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April 23, 2024

The dataset can be used to track lake productivity across macroscales and decades.

RESTON, Va. — A team of scientists from the U.S. Geological Survey, in collaboration with researchers across academia, government and industry, published a dataset that provides information on water quality trends for more than 55,000 lakes across the country.

The dataset brings together over 35 years of data from the Landsat archive with data from the U.S. Environmental Protection Agency's National Lakes Assessment to identify shifts in lake water quality.

This work is the first to relate surface reflectance with lake trophic state in a way that can be used to understand how lakes may be greening, bluing or browning nationally. Lake trophic state is a metric intended to provide holistic assessments of a lake’s physical, chemical and biological processes.

The dataset is designed with computational reproducibility and customization at the forefront. All scripts used to create the dataset were written in R, an open-source coding language, using the ‘targets’ package. The ‘targets’ format creates an automated data pipeline infrastructure, which enables the dataset to be updated as new Landsat satellite imagery becomes available or as successive National Lakes Assessment sampling campaigns occur. The ‘targets’ pipeline is crystallized in a Docker container, which enables users to run the pipeline regardless of differences in operating systems.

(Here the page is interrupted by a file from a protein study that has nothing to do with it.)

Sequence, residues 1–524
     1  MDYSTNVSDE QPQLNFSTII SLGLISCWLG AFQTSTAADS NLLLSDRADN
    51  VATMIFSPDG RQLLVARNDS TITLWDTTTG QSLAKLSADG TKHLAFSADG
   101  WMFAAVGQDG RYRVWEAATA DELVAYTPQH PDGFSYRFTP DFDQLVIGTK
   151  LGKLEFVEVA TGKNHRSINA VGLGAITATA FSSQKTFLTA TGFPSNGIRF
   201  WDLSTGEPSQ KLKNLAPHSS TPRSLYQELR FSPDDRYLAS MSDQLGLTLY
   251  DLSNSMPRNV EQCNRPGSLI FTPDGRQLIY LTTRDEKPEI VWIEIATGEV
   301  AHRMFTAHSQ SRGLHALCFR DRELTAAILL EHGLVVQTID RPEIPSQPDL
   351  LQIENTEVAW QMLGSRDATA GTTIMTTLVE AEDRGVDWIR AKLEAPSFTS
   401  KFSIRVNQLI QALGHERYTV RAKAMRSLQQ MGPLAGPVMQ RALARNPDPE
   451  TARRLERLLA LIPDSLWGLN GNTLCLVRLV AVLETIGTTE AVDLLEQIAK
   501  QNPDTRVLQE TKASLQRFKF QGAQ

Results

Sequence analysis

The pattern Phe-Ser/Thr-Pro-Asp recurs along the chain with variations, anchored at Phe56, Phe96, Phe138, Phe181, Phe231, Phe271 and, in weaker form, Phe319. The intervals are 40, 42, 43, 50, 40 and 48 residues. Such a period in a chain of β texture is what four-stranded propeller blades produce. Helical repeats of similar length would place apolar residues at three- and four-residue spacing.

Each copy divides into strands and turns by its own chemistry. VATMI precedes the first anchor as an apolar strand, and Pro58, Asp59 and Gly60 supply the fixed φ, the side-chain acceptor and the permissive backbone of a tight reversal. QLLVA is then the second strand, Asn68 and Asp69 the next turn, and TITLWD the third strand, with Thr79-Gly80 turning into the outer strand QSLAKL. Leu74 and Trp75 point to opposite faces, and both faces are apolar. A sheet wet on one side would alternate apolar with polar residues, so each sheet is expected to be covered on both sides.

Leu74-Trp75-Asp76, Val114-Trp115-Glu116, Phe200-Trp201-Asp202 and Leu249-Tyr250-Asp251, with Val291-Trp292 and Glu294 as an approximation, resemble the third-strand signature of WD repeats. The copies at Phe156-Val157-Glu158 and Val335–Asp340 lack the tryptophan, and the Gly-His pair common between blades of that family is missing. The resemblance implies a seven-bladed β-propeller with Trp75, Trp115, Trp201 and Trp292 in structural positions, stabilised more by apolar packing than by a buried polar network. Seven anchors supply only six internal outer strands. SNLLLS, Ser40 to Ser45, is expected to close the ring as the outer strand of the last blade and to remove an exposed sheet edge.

The dataset’s emphasis on reproducibility earned it recognition as a USGS open science success story.

By coupling satellite-based remote sensing with fundamental limnological principles, the dataset provides the means to apply meaningful freshwater science frameworks at the national scale to identify macroscale patterns and trends in lake trophic state. This approach moves beyond remote sensing of individual parameters to provide holistic insights into the physical, chemical, biological and ecosystem properties of a lake.

Learn more about the dataset here: National-scale remotely sensed lake trophic state from 1984 through 2020 | Scientific Data (

Access the dataset here: Data Portal - Data Package Summary | Environmental Data Initiative (EDI) ( 

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